Why? Evidently such things are fun. Heroic music plays, as is fitting for acts of criminal vandalism and assault. The fight rages on, and heroes emerge. Why are they heroes? Well, they’re winning the fight, of course. They find in each other a ready ally, a surprise to no one save themselves. Maybe, at the end of all this, they rescue a princess in disguise (she was slumming it, you know. Why drink in the palace when there’s a perfectly good dive down the road where you might get assaulted by a dwarf?). Whatever happens, the drunk under the table never notices; he rises, alone, and is delighted to find free beer.
I mean ale. Sorry.
So begins a tale of adventure. High drama. Endless banter. Derring do on every other page. Maybe, by the end, the elf and the dwarf and the orc become friends. A little tear forms in the corner of our eye, but we refuse to ever acknowledge its existence. The tear is undercover, you see. Top Secret. Hush-hush.
I bet you were rolling your eyes up there. Chuckling, perhaps? Sure, and why not – the cliché is so banal, it’s comedy. Then again, though, there’s something to be said for mindless fun. There is an article by Adam Sternbergh in the NYT magazine considering the worth of so-called ‘guilty pleasures’. I enjoyed it immensely and enjoin you to read it.
Why do we feel so bad about liking things considered low-brow? I mean, isn’t it okay to have fun – even dumb fun – on occasion? Must everything be so deep and serious all the time? I confess to feeling the pressure myself. As an academic (or pseudo-academic, given that my terminal degree is not a PhD but rather an MFA), there is a certain pressure to make what I write and what I enjoy somehow important. Not all of it is, though, no matter what I do to it. When I confess to liking Armageddon or Army of Darkness, there isn’t much that can be said to give such works merit. Likewise my hobbies: despite its sophistication, there is nothing truly artistically redeeming about Warhammer 40,000 unless you put far more effort into painting miniatures than I do. And even then it’s suspect.
So what, though? I think sometimes we spend too much time decrying the frivolous, forgetting just how important frivolity can be. As much as being serious adults is important, it isn’t the only game in town. We also need to have fun. We also need to do things that are easy. All work and no play makes Homer…something…something…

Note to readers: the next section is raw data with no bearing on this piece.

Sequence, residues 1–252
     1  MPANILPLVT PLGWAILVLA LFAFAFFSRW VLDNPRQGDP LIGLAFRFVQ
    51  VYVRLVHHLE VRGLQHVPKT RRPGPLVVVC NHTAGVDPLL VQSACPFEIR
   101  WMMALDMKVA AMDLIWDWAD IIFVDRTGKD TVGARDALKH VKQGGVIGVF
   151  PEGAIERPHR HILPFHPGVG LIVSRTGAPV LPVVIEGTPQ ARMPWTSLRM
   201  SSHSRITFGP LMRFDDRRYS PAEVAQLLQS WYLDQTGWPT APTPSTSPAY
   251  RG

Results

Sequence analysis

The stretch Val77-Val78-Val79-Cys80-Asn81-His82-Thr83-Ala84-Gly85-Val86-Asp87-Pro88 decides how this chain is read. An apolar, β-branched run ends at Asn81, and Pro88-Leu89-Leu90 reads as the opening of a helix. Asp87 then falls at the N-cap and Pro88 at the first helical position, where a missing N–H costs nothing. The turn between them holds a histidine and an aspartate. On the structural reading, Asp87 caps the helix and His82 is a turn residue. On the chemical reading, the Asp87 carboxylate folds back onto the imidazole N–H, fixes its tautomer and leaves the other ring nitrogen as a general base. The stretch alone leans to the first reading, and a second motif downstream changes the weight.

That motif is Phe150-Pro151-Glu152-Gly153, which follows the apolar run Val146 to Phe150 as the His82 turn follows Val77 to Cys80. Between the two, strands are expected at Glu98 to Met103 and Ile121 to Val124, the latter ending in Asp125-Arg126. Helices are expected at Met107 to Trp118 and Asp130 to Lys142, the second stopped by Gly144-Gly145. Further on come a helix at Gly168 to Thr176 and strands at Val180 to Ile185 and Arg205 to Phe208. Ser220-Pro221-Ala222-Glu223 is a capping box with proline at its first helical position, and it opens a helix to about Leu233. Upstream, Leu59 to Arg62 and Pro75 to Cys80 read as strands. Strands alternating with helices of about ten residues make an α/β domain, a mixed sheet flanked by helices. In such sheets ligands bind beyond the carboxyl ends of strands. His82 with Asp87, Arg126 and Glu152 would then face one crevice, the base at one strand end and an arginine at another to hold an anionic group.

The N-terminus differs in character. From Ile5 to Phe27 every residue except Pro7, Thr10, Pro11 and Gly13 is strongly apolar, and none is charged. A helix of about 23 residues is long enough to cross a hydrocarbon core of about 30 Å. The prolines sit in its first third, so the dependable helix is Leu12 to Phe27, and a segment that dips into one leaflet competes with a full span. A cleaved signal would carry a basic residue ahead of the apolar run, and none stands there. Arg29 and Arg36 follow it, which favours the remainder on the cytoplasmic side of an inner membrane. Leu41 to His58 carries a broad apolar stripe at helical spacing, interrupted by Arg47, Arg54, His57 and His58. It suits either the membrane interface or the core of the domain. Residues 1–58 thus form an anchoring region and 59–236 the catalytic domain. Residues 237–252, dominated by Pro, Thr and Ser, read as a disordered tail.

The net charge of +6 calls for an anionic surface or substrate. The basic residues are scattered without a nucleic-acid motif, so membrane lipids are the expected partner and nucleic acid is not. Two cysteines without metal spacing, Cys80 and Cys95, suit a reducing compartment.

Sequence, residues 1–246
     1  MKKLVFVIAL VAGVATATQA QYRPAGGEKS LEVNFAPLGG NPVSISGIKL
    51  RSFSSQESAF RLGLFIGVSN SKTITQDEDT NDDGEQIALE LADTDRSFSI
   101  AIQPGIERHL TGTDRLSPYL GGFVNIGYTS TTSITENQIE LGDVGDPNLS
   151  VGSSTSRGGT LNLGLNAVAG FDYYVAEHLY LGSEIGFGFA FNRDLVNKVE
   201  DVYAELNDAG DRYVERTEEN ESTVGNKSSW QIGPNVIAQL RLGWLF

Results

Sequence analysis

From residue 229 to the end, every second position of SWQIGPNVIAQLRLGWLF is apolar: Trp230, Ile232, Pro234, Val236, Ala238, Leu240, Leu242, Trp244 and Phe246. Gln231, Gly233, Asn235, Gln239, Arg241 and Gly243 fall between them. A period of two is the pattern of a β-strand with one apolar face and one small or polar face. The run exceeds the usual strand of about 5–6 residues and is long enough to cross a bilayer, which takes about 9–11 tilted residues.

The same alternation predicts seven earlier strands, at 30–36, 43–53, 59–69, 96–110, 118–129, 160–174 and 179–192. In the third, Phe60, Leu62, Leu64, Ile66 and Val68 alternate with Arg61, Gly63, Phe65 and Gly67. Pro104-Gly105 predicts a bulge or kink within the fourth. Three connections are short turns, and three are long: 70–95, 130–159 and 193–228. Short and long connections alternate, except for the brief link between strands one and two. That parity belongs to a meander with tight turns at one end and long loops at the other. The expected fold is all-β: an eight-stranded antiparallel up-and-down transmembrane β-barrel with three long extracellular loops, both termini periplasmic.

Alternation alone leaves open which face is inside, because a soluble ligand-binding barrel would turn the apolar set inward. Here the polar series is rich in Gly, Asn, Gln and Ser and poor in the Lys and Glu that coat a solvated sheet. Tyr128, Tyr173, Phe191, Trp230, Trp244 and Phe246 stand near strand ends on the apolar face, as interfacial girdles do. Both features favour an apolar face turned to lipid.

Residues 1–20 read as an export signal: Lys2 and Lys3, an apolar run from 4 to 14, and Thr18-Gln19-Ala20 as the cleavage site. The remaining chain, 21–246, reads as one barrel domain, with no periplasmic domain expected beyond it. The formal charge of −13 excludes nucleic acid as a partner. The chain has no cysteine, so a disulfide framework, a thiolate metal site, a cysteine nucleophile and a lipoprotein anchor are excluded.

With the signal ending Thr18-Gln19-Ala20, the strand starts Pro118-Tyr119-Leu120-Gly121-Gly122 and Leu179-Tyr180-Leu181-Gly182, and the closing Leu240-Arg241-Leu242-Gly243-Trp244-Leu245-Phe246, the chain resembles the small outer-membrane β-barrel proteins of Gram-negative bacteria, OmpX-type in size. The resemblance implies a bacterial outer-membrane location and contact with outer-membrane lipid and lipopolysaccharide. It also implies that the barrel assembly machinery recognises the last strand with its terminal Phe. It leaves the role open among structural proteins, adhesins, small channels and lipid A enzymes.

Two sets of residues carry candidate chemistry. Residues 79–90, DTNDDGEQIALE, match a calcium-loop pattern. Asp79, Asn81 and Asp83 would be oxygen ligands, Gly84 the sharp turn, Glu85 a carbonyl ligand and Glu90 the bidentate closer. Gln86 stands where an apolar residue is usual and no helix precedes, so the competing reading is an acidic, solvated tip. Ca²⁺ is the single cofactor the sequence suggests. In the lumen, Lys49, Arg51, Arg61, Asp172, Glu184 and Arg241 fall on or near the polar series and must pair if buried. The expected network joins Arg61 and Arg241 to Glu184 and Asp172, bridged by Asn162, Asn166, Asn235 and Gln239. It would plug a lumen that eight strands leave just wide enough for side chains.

Right then – let’s go to the tavern. I’ll buy you an ale. Later, when we’re riding dragons to save the King of Thumbershire from the Daemon Princess of Xoon, you’ll thank me. Dwarf’s honor.
The Oldest Trick is just as much fun and worth picking up.
Tyvian Reldamar gets betrayed by his longtime partner and left for dead in a freezing river. To add insult to injury, his mysterious rescuer took it upon himself to affix Tyvian with an iron ring that prevents the wearer from any evildoing.
Revenge just got complicated.
On his quest to get even, Tyvian navigates dark conspiracies, dodges midnight assassins, and uncovers the plans of the ruthless wizard Banric Sahand. Tyvian will need to use every dirty trick in the book to avoid a painful and ignominious end, even as he learns to work with—and rely on—his motley crew of accomplices, including an adolescent pickpocket, an obese secret-monger, and a fearsome gnoll.
It was one year ago that my first book, The Stolen, was published. It was a momentous event for me, marking my entrance into the world of being a published author. At times it’s hard to believe it’s been a year already, and at others, it’s hard to believe it’s only been a year. It’s been a remarkable ride, with some remarkable moments. Winning the cover of the year on The Qwillery was exceedingly cool. Getting a slot on John Scalzi’s blog (Big Idea) is still very cool to think about. The Forgotten got a spot too, so I suppose I’m becoming an old hand at it, and I’m safe in saying Scalzi and I are total BFFs now (I’m kidding, John, don’t release the hounds!).
I’ve covered a lot of my journey in my “Adventures in Being a New Author” posts, so I won’t rehash that here. I’ll simply say this:
Thank you, fans and readers, for buying the book. Thank you for reading it, for reviewing it, and possibly even for telling others about it. I hope this is the first of many years as a writer, and I hope you enjoy the other books yet to come.
Now, have some cake (Scalzi, you can have pie, of course) and if you haven’t yet, buy a copy of The Stolen! In fact, celebrate and buy two or three copies! And if you’ve bought one already, buy another! You deserve it!
Well, I think it’s a big announcement.
The American Faerie Tale series has been cleared for two more books!
I’ll be sharing more information as time goes on, but here is something to hold you over. The next book will be called…
Three Promises: An American Faerie Tale Collection
Aside from a bonus story about a group introduced in The Forgotten, the unanswered question at the end of The Stolen will be answered! The current scheduled release date is December 2015. Stay tuned for more information, including cover reveals, perhaps some excerpts, and exclusive offers for pre-orders!